I am mother to a three-year-old who wears hearing aids. It's not unusual for people to stop me when I'm running errands with my son and get asked, "What's he wearing in his ears?" I'll explain he's wearing hearing aids and the next question we often get is, "Can't they fix that with surgery?"
Although I'm surprised that others aren't familiar with hearing aids on little ones, I really shouldn't be, because until I had my son, I wasn't aware that hearing aids were worn by anyone besides the elderly. So I thought I'd start a series here on my blog and share with you the story of what it's been like these first three years, raising a child with mild moderate sensorineural hearing loss.
About this SeriesI thought it might be fun to share my experience raising a child with hearing loss, but it's a long story, so I'm breaking it up into the following posts:
Part 1: Detection in Newborns - this post
Part 2: Getting Hearing Aids
Part 3: Support and Resources
Part 4: Developing Language and Communication
Part 5: Speech Therapy
Note: I am not an audiologist, speech therapist, or any sort of professional with training in hearing. I am just a mother sharing my story of raising a child with hearing loss. I am including references throughout my posts for those who wish to look up more information on hearing loss!
Hearing Loss with the YoungHearing loss is one of the most common birth defects in the US, affecting approximately 1-2% of all children. With our first child, we considered amniocentesis or CVS for genetic testing purposes, but it never occurred to us to be concerned about hearing loss. Most states are now required to conduct hearing tests on newborns, which is great -- early detection is key, but as I'll share with you -- I met some families where their hearing loss wasn't detected at birth, but much later, when speech deficiencies highlighted the issue.
Detecting Our Son's Hearing LossMy son was born in California in 2011, where law requires that every newborn be given a hearing screen, and if necessary, a hearing test. Every state has their own regulations regarding how/when infants and/or children must be screened for hearing.
- Hearing screening: a screening is a quick test that is performed to determine if a more comprehensive test, a hearing test is needed. Generally a hearing screening tests four frequencies at 25 dB. If the subject does not pass the screening, then a hearing test is recommended.
- Hearing testing: a hearing test examines all three parts of the ear: outer, middle, and inner ear. There are different types of tests that are conducted in these three parts of the ear and together, these tests help an audiologist determine what type of hearing loss the individual has.
First screen: a day after my son was born, he was taken away for his hearing screening. I won't go into the details of what testing was conducted at this first round, but the nurse brought my son back, said that he had failed the hearing screening, but not to worry -- they would test again in a week or two -- because sometimes fluid in the ears results in a negative screening.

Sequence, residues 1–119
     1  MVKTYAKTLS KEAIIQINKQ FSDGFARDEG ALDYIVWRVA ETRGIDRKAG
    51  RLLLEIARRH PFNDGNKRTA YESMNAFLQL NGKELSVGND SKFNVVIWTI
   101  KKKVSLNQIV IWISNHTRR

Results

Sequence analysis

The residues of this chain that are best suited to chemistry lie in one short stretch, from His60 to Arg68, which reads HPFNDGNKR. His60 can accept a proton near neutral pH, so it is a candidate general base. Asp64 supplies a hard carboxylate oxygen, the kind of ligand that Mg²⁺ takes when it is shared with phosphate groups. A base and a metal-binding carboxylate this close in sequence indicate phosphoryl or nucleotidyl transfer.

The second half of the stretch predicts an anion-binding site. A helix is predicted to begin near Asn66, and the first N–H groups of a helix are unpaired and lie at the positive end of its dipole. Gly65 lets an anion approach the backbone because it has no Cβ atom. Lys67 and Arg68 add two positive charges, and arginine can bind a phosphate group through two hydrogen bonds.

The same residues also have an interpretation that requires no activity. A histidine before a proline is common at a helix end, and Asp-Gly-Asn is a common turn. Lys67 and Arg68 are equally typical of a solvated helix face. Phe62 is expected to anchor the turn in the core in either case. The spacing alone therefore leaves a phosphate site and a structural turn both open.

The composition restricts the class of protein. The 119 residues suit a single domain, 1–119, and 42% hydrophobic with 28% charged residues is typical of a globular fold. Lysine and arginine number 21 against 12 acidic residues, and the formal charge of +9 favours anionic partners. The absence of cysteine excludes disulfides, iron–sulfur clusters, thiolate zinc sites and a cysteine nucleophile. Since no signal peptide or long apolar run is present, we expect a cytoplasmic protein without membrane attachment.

Second screen: a week later, we went back for a second screening, and again, my son failed the screen. At this point, they pediatrician said it would be best to set up a hearing test with an audiologist with pediatric specialty, so we were quickly signed up and asked to come back when my son was three weeks old for a more thorough hearing test.
Hearing Tests on NewbornsI'm going to share my experience of going through a hearing test with a newborn, but keep in mind that this is our experience in the state of California and at a specific hospital, so the testing could vary from state-to-state.
Because newborns can't communicate, tests that do not require an observable response in infants. You can read more about these tests here. What I will share with you is that in preparation for these tests, it's best that your child be asleep, so they asked that we do the following prior to the test:
- Refrain from feeding our son for at least 90 minutes prior to the appointment
- Make sure our son did not sleep at least 120 minutes prior to the appointment
As soon as we arrived and were checked in, the audiologist then asked us to feed our son and put him to sleep. This is where things got tricky. My son was not a very good napper at three weeks. The audiologist explained that if our son's hearing loss was significant enough that he was experiencing loss at most frequencies, the test would go quickly (i.e. if he was deaf, the test would take five minutes at most). But, if the hearing loss was at very few frequencies, the testing would take more time because she would have to test many, many frequencies to flush out which frequencies were problematic.
The good news was our son was not deaf.
The bad news was that because the hearing loss was at select frequencies, we ended up testing for close to 90 minutes.
Unfortunately, my son did not stay asleep for a consecutive 90 minutes. He woke up after 20 minutes, we spent ten minutes getting him back to sleep, then we got another 10-15 minutes of testing completed, and ran out of time and had to reschedule another round of testing. We returned a week later to finish the remainder of the frequencies we didn't get to at the first appointment.
At the next post, I'll share what came next: the hearing test results and the next steps.
Do you know anyone with hearing loss, young or old? Do you know anyone who is deaf?